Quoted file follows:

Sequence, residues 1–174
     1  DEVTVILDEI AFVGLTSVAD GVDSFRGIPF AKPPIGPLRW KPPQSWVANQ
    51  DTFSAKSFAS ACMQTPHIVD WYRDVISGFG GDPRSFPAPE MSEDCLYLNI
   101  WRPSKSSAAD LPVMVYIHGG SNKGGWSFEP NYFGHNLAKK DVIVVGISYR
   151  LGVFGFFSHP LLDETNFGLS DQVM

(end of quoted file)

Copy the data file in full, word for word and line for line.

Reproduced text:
Sequence, residues 1–174
     1  DEVTVILDEI AFVGLTSVAD GVDSFRGIPF AKPPIGPLRW KPPQSWVANQ
    51  DTFSAKSFAS ACMQTPHIVD WYRDVISGFG GDPRSFPAPE MSEDCLYLNI
   101  WRPSKSSAAD LPVMVYIHGG SNKGGWSFEP NYFGHNLAKK DVIVVGISYR
   151  LGVFGFFSHP LLDETNFGLS DQVM